Since its birth during the Cold War, Canada’s spy agency has occupied itself with three primary threats: terrorism, espionage and foreign interference in domestic politics and business.
The Canadian Security Intelligence Service points out a disruptive new player in the field: climate changes.
CSIS claims it is trying to understand how climate change will impact national security. It has even acknowledged that effort publicly — something intelligence agencies rarely do.
“This will have profound effects on Canadians, and it will have an impact on our national security. “I think it’s important we are going to have that space,” Tricia Geoddes, deputy director of policy at CSIS, stated. Last month, an intelligence conference.
“I think this is another one those big shifts that’s obviously being happening for a while, that we’re watching for, and that I believe there will be a significant contribution by the service.”
Vincent Rigby, who was Prime Minister Justin Trudeau’s national security advisor, stated that climate change is an ongoing threat. A single mudslide doesn’t make a national security crisis — but floods and slides increasing in severity over time due to the warming climate could threaten the security of the entire country.
“[Extreme weather events are]It is becoming more widespread and has a severe impact. He stated that it does have national security implications.
It is a threat to our economy. It’s a threat on our social fabric to some extent and it’s also a threat on how we deploy resources.
Climate change is also likely to drive geopolitical instability and mass migration.
This fall, the U.S. government warned that tens of millions of people are likely to be displaced by 2050 because of climate change — roughly 143 million people in South Asia, sub-Saharan Africa and Latin America alone.
Extreme weather is clearly exposing the vulnerabilities in our society, and we are not prepared.– Prof. Simon Dalby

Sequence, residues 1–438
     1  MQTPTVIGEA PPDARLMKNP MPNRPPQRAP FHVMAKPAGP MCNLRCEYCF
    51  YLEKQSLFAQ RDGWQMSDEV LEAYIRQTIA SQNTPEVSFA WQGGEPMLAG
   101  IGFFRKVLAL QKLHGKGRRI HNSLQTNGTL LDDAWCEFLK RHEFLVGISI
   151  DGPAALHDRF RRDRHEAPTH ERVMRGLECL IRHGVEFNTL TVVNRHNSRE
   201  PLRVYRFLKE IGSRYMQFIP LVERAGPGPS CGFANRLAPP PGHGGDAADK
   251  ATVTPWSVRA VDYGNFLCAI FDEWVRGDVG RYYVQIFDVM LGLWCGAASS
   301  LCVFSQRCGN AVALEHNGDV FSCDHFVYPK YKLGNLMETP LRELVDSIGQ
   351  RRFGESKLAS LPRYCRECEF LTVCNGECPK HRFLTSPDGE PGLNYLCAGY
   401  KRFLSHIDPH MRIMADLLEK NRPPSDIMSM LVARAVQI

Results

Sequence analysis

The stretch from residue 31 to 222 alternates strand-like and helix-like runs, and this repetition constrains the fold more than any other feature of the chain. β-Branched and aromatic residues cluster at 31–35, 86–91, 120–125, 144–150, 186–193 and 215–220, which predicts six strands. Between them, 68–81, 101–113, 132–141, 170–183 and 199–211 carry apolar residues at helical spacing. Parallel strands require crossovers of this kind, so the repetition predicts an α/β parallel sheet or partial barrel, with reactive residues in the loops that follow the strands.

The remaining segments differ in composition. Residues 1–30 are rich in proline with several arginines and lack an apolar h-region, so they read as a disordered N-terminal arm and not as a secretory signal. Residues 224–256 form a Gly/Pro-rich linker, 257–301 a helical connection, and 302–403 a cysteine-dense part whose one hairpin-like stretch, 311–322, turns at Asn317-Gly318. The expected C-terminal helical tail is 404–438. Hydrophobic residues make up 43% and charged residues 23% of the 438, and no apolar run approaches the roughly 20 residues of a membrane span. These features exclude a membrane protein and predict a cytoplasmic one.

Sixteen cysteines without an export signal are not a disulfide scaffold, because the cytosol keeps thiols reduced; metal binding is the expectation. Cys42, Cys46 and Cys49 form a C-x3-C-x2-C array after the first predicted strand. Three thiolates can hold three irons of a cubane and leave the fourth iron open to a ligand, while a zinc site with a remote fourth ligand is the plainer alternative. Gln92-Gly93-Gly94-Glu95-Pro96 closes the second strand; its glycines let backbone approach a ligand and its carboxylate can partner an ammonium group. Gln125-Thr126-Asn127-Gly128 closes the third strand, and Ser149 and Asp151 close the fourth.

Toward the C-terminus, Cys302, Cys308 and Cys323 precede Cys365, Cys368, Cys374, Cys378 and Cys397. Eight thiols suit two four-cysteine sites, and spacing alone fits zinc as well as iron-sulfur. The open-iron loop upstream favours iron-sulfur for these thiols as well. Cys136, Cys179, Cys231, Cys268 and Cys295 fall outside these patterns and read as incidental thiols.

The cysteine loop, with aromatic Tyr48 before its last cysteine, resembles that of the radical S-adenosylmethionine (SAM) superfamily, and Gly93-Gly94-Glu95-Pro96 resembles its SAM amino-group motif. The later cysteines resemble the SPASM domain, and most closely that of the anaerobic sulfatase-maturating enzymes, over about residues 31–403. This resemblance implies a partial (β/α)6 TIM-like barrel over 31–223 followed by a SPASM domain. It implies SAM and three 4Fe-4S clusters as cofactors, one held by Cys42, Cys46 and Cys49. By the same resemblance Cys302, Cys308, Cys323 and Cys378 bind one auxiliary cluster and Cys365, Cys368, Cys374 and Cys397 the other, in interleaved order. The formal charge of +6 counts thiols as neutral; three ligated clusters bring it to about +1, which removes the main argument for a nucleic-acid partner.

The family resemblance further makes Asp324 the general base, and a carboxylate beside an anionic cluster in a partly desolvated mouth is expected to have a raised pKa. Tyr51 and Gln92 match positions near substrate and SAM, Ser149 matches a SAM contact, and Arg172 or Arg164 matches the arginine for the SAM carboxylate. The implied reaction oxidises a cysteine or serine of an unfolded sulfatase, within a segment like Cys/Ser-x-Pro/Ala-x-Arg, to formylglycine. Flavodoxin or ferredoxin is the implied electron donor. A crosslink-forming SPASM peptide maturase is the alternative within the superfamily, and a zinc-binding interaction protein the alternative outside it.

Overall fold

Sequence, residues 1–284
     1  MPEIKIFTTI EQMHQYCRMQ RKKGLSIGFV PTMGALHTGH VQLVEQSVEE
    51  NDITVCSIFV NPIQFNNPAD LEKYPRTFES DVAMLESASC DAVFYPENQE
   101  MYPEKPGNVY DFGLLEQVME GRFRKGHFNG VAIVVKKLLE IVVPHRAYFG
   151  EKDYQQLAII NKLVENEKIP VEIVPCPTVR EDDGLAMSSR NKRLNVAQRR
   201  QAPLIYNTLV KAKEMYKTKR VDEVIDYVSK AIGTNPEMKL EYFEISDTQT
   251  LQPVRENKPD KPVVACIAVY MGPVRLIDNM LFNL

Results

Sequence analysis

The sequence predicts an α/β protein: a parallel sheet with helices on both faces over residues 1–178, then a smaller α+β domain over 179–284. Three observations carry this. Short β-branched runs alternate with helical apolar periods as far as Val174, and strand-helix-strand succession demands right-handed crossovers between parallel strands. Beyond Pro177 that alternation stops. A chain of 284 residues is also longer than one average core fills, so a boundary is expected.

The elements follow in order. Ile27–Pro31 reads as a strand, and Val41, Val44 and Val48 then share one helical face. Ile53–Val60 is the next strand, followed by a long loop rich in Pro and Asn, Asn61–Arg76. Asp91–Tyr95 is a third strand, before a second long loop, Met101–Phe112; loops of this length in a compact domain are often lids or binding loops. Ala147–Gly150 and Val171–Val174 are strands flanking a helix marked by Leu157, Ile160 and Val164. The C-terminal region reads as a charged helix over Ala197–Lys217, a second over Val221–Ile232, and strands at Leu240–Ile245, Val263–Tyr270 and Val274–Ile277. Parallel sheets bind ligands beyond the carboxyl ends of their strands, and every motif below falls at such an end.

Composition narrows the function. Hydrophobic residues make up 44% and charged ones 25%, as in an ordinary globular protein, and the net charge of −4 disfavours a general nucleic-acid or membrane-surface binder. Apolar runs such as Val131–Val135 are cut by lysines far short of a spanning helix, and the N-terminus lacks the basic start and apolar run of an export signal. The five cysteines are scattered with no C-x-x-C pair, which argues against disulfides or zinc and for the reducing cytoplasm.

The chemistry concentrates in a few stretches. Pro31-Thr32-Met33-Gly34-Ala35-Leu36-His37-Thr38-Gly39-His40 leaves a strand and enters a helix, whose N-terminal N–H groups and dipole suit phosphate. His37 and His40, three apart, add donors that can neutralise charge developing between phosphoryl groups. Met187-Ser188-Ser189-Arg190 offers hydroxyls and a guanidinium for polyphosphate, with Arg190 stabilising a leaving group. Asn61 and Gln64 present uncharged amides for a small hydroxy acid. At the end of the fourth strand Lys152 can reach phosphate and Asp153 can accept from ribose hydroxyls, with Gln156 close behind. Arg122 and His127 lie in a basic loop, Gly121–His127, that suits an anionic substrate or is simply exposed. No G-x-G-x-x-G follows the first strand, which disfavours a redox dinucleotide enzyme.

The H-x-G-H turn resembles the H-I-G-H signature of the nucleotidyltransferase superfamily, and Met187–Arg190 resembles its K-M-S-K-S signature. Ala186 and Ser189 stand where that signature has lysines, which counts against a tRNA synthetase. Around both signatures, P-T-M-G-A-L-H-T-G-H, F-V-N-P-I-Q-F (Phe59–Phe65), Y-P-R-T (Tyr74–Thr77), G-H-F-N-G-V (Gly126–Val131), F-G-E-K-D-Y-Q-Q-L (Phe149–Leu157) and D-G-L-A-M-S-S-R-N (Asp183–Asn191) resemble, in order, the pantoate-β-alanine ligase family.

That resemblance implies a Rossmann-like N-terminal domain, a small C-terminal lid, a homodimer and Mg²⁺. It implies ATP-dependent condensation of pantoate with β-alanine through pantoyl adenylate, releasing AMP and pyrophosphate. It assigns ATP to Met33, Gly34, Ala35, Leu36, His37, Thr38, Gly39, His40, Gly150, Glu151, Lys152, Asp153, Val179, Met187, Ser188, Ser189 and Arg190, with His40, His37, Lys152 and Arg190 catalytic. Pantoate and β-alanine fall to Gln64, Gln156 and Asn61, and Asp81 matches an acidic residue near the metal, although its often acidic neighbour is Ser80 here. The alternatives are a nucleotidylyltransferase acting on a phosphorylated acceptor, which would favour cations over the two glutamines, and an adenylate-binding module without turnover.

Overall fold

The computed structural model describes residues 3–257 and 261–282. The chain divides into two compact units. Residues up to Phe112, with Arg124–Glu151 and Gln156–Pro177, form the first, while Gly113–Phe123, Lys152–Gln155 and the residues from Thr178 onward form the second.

Rigby, a senior fellow at the Center for Strategic and International Studies in Washington, said that “as time goes by, you’ll notice greater disagreements and greater conflicts potentially over water resources for example.”
“We are already seeing this in countries like Ethiopia, Egypt, and others that are having disputes. As we move into the future, this could get worse.
There are dangers in the Arctic as well, he said, with geopolitical rivals seeking to control the region’s resources as the ice retreats. Russia’s reactivation northern Cold War-era Cold War bases, coupled with China’s clear interest in the region, could be creating the conditions for great power confrontation.
In March 2020, the Russians deployed three ultra-quiet nuclear subs to simultaneously break through the Arctic ice at the same location — a demonstration that set the defence community on edge.
“You will face greater competition for minerals, oil and gas, and fishing. China and other countries are becoming more interested in the region. Rigby said that Russia also sees opportunities.
“As competition heats up, countries may want to protect their perceived rights as well as their interests.”
Geddes said the spy agency must invest in understanding all of those elements by, among other things, hiring its own climate experts.